Georgette Heyer’s Regency romance novels are amongst my favourite comfort reads. I started reading them in my teens and recently reread Arabella, enjoying the story as much as I did the first time (too long ago to think about).
Arabella Tallant is the beautiful daughter of a poor country clergyman, whose clever mother arranges for her to go to London for a season to find a rich husband. On the way, Arabella’s carriage breaks down at a hunting lodge owned by Robert Beaumaris, the richest, handsomest and most eligible man in London.
When Arabella overhears Mr Beaumaris tell his friend that he suspects her of knocking on his door in order that he will fall in love with and marry her, she pretends to be an heiress who wants to remain incognito in London. Of course Mr Beaumaris’ friend tells all of London that Arabella is rich, so it isn’t very long until she is inundated by offers of marriage.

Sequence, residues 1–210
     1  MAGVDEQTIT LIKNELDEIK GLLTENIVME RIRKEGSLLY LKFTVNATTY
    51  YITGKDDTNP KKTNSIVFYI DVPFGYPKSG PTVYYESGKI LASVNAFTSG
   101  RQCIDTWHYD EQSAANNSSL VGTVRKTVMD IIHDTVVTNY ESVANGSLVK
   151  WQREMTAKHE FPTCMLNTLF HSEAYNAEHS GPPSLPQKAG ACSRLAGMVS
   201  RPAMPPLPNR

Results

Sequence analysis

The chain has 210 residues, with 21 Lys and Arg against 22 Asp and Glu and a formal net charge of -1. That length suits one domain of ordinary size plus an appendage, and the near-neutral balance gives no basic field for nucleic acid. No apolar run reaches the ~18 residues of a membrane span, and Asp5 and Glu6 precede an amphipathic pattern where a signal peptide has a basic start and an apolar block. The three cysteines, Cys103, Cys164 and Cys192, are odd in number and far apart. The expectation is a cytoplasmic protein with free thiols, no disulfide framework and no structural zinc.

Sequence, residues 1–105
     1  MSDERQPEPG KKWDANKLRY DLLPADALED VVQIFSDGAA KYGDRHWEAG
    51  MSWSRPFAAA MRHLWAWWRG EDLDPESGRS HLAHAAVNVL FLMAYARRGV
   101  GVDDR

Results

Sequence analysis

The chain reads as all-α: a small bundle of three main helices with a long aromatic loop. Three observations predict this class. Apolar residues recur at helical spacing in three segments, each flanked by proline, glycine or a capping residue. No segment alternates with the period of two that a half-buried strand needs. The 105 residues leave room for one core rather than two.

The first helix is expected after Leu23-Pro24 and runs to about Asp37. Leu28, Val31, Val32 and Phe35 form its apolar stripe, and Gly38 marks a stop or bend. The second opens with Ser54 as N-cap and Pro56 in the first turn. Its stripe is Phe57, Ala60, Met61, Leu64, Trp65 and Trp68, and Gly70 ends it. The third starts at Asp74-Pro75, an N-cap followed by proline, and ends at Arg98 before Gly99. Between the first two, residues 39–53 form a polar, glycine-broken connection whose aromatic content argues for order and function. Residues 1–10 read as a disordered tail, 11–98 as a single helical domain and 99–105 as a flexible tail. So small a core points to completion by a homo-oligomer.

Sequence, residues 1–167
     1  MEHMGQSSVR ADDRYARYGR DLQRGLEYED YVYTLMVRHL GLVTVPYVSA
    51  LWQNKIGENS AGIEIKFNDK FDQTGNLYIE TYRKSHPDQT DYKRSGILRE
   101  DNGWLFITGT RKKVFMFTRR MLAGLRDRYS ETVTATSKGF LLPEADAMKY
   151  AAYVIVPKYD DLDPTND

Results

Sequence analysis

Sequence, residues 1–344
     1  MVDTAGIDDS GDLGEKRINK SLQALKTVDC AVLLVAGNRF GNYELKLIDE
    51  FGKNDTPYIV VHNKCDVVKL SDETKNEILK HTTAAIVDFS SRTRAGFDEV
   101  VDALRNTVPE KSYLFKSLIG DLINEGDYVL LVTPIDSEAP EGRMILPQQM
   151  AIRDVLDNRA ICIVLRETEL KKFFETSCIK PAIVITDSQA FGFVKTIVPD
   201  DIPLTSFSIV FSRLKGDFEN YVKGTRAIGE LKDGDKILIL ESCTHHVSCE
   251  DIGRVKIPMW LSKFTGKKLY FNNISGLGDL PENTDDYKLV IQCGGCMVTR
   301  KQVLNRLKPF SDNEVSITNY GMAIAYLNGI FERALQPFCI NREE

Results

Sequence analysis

One of the things I most like about Arabella is her social conscience. Arabella saves an abused child from a cruel master and a mongrel dog from children who are tormenting it and of course, Mr Beaumaris is at hand to assist her as required.
Mr Beaumaris is a hero with enough of a past to be interesting. It’s hard not to compare him to Pride and Prejudice‘s Mr Darcy, although Mr Beaumaris is a more relaxed character than Mr Darcy. There is a sub-plot concerning Arabella’s brother Bertram, which is probably too predictable to surprise anyone. Thinking it over, the whole plot is very like Jane Austen’s Pride and Prejudice and I wouldn’t be at all surprised if Arabella was written as a homage to that book.
Georgette Heyer’s style is delightful. The writing is good, the story is clever, the characters are funny and likeable (and in this case, Mr Beaumaris is also swoon-worthy). The dialogue is gorgeous, whether it is Mr Beaumaris talking to the dog, snobbish members of the Ton discussing Arabella’s wealth, or a friend of Arabella’s brother’s speaking in an almost indecipherable slang.
I’ve been collecting Georgette Heyer’s books for years, snapping up the Pan editions whenever I spot one at an op-shop or book fair. The covers are garishly 1970s, and the orange and purple colour scheme on Arabella should be horrible, but somehow it all works and is pretty in a way reminiscent of the old Quality Street tins.